According to Aquinas, then, Adam and Eve would still have had intense pleasure in sexual intercourse, even more pleasure perhaps than humans today, but their sexual experience would not have dominated their persons and overcome their reason the way it would do so for human beings after the first sin.
Gluttony is to sexuality as…
By way of a telling analogy, Aquinas contrasts the glutton who can’t control the consumption of food with a person who simply enjoys eating a meal but is under control and can start and stop at will. The glutton is like the person having sexual intercourse after Paradise and the moderate eater is like Adam and Eve having sexual relations. They would have enjoyed it intensely even though it was a rational and controlled activity. As Aquinas puts it, “a sober person does not take less pleasure in food taken in moderation than the glutton, but his concupiscence lingers less in such pleasures.”One could argue that Aquinas’s analogy is not perfect since even the sober person experiences hunger which motivates him or her to eat. Aquinas envisions both eating and sexual relations in … Continue reading
Aquinas ties the emerging shame over nakedness not only to sexual desire but to the visual arousal of the lustful body which is what makes nakedness shameful. He thus seems to have in mind, in particular, the unprompted and visible male erection as a symptom of sexual desire that is shameful and should be hidden by clothing. The purpose of clothing was thus to hide the visible signs of unruly sexual desire, which started after the first couple’s sin and reminded them of what they had done.
In Paradise, by contrast, nakedness was not a problem because the climate was mild, the body was protected from accidents, and Adam was not aroused, we surmise, except through a rational decision to procreate. As Aquinas puts it, “Clothing is necessary to man in his present state of unhappiness for two reasons. First, to supply a deficiency in respect of external harm caused by, for instance, extreme heat or cold. Secondly, to hide his ignominy and to cover the shame of those members wherein the rebellion of the flesh against the spirit is most manifest.”ST II-II, 164, ii, ad. 8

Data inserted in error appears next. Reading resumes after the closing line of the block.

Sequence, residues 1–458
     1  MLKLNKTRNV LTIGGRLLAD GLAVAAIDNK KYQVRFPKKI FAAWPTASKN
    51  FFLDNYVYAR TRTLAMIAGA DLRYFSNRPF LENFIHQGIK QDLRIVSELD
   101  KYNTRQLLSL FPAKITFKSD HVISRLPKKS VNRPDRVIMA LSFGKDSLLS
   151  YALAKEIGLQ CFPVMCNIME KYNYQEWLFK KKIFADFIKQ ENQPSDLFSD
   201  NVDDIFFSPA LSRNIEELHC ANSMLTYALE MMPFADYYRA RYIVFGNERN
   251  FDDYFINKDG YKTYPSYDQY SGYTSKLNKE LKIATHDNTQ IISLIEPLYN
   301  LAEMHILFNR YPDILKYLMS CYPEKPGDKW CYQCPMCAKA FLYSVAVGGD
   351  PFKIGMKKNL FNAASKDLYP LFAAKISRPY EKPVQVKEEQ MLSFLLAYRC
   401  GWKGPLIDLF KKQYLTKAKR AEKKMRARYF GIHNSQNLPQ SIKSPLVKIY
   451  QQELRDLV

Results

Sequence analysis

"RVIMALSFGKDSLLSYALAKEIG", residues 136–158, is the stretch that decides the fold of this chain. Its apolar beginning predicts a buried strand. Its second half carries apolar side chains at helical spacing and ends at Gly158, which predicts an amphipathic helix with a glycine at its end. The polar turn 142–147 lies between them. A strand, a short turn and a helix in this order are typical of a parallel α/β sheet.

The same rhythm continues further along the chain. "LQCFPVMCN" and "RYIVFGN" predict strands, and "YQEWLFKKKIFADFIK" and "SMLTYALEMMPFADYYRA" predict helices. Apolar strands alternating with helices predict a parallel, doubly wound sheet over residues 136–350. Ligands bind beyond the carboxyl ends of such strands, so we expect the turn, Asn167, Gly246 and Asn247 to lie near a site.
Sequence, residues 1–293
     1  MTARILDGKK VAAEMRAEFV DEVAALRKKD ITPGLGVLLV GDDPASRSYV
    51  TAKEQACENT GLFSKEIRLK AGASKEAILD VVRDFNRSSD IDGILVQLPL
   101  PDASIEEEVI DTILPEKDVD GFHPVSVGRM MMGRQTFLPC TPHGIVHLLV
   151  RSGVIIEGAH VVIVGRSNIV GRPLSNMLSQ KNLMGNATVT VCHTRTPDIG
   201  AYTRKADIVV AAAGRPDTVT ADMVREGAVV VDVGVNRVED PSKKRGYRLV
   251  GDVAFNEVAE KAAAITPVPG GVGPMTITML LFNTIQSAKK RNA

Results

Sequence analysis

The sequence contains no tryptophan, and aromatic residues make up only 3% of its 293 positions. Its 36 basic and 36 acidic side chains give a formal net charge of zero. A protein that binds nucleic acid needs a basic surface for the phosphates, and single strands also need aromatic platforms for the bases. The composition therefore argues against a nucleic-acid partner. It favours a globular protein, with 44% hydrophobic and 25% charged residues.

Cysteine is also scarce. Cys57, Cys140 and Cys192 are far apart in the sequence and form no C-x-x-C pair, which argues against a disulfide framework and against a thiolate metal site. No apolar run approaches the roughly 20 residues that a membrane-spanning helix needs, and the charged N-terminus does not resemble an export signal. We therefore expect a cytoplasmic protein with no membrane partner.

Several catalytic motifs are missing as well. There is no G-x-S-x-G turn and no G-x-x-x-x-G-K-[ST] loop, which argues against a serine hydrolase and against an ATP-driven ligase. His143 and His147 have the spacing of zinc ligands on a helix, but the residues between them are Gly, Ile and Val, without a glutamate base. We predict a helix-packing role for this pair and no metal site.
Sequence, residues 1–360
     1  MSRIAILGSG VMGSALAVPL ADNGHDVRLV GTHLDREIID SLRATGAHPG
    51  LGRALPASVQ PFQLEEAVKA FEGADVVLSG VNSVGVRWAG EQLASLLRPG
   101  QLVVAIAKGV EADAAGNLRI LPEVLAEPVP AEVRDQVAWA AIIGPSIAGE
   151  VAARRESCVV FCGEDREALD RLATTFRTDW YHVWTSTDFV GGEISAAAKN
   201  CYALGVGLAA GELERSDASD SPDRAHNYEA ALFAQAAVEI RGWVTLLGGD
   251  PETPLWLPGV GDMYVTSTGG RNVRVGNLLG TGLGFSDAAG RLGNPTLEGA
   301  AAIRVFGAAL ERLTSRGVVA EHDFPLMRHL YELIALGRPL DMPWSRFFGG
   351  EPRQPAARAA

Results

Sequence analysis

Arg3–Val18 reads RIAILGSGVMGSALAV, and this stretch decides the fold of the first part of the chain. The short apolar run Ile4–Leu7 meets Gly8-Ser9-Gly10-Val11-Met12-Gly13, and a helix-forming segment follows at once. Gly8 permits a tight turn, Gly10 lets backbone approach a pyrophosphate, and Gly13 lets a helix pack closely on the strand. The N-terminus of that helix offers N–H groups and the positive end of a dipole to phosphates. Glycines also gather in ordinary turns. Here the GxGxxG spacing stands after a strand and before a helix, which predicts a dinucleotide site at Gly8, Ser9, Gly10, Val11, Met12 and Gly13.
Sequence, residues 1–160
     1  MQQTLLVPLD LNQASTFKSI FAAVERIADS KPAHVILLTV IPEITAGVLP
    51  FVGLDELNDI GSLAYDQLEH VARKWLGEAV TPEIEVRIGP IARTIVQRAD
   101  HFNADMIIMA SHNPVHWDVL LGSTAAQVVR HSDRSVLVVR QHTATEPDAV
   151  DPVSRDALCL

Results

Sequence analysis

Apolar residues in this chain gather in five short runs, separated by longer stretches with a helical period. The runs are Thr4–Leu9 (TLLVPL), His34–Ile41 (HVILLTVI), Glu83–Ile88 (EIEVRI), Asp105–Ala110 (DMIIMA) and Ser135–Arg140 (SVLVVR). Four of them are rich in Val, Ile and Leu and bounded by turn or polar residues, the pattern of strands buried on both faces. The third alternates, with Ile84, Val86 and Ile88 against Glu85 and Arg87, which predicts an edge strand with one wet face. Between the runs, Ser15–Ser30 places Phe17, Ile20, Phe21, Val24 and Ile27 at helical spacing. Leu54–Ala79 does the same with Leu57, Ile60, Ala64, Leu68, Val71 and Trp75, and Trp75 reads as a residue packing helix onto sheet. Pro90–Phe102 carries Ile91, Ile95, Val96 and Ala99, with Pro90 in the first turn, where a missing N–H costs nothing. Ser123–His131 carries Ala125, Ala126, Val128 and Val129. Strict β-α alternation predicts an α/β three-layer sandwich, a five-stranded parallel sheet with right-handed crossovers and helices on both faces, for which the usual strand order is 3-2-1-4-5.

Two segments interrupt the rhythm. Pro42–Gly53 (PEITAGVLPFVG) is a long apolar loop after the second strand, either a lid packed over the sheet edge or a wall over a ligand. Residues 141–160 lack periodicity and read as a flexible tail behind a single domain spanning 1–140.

Next up: Relationship to Animals in Paradise
|↑1||ST II-II, 164, ii, ad.8|
|↑2||ST II-II, 164, ii, ad.8; See Ia, 95, i, for the idea that their shame about nakedness arose because they felt the impulse of disobedience in the flesh; on passions not in rebellion against reason in the state of innocence, see ST Ia, 95, ii, ad. 1, and again II-II, 162, i; “the lower faculties in man were subject to the higher, and were no impediment to their action” (ST Ia, 94, iv); so in bearing and conceiving the union of both sexes would be one not of lustful desire but of deliberate action” ST II-II, 163, ii|
|↑3||On the purpose of Eve’s creation as a help-mate, see ST Ia, 92, i, 2089, and ST Ia, 92, i, ad. 2, 2089|
|↑4||ST Ia 98, i|
|↑5||ST Ia, 98, ii and Ia 98, ii|
|↑6||ST Ia 98, ii, ad. 2|
|↑7||ST Ia, 98, i and ad. 2|
|↑8||ST Ia, 98, ii, ad. 3|
|↑9||One could argue that Aquinas’s analogy is not perfect since even the sober person experiences hunger which motivates him or her to eat. Aquinas envisions both eating and sexual relations in Paradise more like a rational choice with no internal prompting or at least no prompting that cannot be rationally controlled.|
|↑10||ST II-II, 164, ii, ad. 8|